U.S. unable to halt dollar's slide Dow off 62 Effort to prop up currency deemed lame

June 25, 1994|By New York Times News Service

WASHINGTON -- A multibillion-dollar global buying spree yesterday by the Federal Reserve and 15 other central banks to prop up the dollar in the face of a new onslaught from currency traders failed to prevent the dollar from again slipping against the Japanese yen and the German mark.

The coordinated central bank operation, led by the Clinton administration, initially stemmed the dollar's slide against both the mark and the yen, but only briefly, as the U.S. currency resumed its drop, falling by late in the day to 1.5850 marks, its lowest in more than a year, and to 100.60 yen, just above the record low of 99.85 yen that it touched briefly on Tuesday.

vTC The actual fall of the dollar yesterday against the mark and the yen was small. But what worries some currency traders as well as some U.S. officials is not the size of the decline, but the symbolic statement that the continued slide makes about investors' attitudes toward the U.S. economy now, as well as the fact that traders were not afraid to sell the dollar even in the face of 16 central banks moving in the other direction.

Indeed, the mood among currency traders remained downbeat about the dollar, with many dismissing the administration's defense of the currency as lame.

"Now the central banks are only spitting in the ocean," said William Poole, a Brown University economist. "If they decided to spend $200 billion or $400 billion or some other big number and they announced they had assembled a fund of $1 trillion, or some great big number, then they could raise the level of the ocean and make a difference."

But even giant sums do not guarantee success in the subtle game of currency intervention.

The fact that the 16-nation intervention, which involved about $5 billion in dollar purchases, did not particularly impress the markets would seem to increase the likelihood that the Federal Reserve will conclude that it has to raise interest rates once again, either at the next meeting of its policy committee, on July 5-6, or before then.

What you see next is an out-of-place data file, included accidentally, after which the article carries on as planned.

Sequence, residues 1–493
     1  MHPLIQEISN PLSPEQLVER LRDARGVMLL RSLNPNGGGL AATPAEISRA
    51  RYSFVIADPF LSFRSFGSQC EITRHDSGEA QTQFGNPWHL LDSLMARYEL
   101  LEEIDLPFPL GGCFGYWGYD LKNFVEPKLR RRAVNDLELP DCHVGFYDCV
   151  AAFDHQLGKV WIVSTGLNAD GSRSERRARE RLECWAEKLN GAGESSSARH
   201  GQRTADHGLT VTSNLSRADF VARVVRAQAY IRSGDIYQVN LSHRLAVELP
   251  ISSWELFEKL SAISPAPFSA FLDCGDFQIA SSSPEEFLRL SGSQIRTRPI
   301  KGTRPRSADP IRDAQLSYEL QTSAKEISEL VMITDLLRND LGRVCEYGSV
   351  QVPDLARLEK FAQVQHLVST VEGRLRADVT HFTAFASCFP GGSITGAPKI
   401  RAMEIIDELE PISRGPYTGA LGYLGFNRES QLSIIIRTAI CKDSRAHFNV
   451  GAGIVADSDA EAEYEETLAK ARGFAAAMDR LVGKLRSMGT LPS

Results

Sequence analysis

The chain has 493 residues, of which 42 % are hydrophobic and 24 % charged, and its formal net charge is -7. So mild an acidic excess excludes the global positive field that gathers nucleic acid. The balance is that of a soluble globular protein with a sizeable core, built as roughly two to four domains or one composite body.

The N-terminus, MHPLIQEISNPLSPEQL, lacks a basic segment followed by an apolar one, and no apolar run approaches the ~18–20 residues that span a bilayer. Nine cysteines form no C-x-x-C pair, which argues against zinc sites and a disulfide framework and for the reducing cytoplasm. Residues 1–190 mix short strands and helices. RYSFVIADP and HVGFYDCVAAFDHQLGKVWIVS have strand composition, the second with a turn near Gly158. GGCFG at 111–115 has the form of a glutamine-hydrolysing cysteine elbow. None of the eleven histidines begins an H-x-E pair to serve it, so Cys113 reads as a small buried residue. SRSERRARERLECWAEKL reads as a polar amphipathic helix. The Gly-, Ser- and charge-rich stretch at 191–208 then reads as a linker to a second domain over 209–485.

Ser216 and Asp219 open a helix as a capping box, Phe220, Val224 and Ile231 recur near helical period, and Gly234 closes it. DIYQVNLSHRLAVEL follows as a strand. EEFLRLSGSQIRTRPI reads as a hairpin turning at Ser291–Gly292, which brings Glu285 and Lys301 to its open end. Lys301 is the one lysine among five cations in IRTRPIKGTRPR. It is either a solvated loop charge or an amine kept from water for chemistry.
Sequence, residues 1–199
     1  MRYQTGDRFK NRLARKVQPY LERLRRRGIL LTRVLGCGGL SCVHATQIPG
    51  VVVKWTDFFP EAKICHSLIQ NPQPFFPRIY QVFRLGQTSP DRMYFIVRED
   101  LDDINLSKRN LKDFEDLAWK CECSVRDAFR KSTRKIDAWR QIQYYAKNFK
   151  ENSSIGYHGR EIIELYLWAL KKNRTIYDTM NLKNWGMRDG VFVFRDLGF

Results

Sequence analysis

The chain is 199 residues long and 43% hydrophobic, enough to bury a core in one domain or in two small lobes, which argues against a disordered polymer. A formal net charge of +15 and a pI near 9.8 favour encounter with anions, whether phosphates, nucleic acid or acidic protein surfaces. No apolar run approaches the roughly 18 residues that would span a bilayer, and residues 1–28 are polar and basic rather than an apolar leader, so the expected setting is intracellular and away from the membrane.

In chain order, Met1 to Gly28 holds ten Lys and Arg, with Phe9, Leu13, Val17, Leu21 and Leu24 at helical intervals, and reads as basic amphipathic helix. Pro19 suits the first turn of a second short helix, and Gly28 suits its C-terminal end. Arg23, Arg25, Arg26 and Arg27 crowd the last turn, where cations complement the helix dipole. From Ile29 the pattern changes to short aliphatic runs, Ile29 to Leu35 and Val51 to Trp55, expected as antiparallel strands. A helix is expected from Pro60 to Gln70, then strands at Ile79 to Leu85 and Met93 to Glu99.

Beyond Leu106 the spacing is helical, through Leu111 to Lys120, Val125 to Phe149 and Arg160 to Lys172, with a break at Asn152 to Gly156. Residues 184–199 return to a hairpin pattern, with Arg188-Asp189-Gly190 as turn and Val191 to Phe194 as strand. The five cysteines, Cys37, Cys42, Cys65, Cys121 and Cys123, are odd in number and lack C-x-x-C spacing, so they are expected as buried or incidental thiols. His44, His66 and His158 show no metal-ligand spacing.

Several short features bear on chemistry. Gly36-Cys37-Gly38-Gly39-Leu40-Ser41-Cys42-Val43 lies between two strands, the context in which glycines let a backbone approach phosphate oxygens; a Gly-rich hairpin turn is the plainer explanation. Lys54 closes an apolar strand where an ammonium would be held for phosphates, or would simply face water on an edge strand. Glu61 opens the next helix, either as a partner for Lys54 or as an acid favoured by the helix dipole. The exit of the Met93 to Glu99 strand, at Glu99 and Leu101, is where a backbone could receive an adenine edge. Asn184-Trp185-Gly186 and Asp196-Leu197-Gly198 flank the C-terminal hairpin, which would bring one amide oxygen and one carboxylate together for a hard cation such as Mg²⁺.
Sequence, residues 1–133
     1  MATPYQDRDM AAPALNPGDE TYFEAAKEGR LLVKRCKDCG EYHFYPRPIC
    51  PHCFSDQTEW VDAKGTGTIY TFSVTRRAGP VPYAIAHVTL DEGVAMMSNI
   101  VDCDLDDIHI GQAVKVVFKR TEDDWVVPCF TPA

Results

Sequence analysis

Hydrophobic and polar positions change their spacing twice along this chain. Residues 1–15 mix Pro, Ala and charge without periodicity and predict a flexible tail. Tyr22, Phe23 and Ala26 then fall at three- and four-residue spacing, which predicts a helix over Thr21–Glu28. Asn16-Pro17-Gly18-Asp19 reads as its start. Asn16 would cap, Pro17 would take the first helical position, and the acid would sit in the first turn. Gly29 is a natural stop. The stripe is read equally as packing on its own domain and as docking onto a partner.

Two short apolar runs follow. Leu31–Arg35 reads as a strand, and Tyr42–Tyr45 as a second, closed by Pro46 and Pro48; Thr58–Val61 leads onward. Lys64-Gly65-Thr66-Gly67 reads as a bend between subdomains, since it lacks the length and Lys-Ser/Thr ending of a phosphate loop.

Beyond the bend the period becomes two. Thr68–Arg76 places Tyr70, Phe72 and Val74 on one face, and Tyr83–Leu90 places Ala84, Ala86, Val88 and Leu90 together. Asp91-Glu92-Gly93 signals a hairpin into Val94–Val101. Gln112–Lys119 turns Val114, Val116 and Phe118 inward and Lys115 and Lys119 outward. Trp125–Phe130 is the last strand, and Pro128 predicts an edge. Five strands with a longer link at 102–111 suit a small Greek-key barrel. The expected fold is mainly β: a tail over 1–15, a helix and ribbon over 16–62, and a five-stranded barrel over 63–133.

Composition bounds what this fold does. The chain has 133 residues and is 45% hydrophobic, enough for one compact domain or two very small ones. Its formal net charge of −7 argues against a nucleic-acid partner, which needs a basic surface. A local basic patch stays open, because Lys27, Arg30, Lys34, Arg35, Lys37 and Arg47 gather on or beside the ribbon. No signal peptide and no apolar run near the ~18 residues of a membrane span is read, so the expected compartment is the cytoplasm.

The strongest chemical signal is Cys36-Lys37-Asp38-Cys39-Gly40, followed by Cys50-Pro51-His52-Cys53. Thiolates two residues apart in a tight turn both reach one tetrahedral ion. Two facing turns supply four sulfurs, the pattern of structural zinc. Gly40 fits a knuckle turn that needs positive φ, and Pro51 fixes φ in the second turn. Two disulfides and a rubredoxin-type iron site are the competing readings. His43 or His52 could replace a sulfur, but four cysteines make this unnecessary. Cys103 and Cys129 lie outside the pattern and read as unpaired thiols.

By raising rates, the Federal Reserve could further dampen any fears of inflation, as well as make returns on U.S. bank accounts and securities more attractive, so that investors would want to put their money in dollars.

Another interest rate increase would hardly be good for domestic growth. But if intervention is ineffective, the only weapon left to the United States to support the dollar in the short term would seem to be for the Federal Reserve to raise the federal funds rate, the interest rate that banks charge each other, for the fifth time this year.

This short-term rate currently stands at 4.25 percent, after beginning the year at 3 percent. Traders say nothing other than higher interest rates seems likely to impress the currency market, where there still seems to be some feeling that the threat of inflation in the United States justifies another rise in rates.

President Clinton said yesterday in an interview that he and others were puzzled by the dollar's continued decline, given the fact that the long-term prognosis for the U.S. economy is quite healthy.

Mr. Clinton said that "in a funny way the currency values are running in the opposite direction of economic strength."

Currency traders and market analysts say the president may be right about the long-run health of the U.S. economy, but the problem is that in lightning-fast financial markets, there is no long run anymore. For many traders, particularly those who deal in the most liquid asset of all -- currencies -- there is only the short run.

What ails the dollar, traders say, is the coming together of a number of factors that make the yen and the mark relatively more attractive than the U.S. currency.

Germany and Japan are both clearly coming out of recession and both are perceived as having a greater chance of keeping their inflation rates under control.

Also, both those nations have clearly slowed the pace of their own interest rate reductions for now, making their bank deposits and bonds relatively more attractive.

"U.S. assets, relatively speaking, simply don't appeal to the very fleet-footed international investors right now, and they are voting with their feet," said Richard Witten, a currency trader at Goldman, Sachs.

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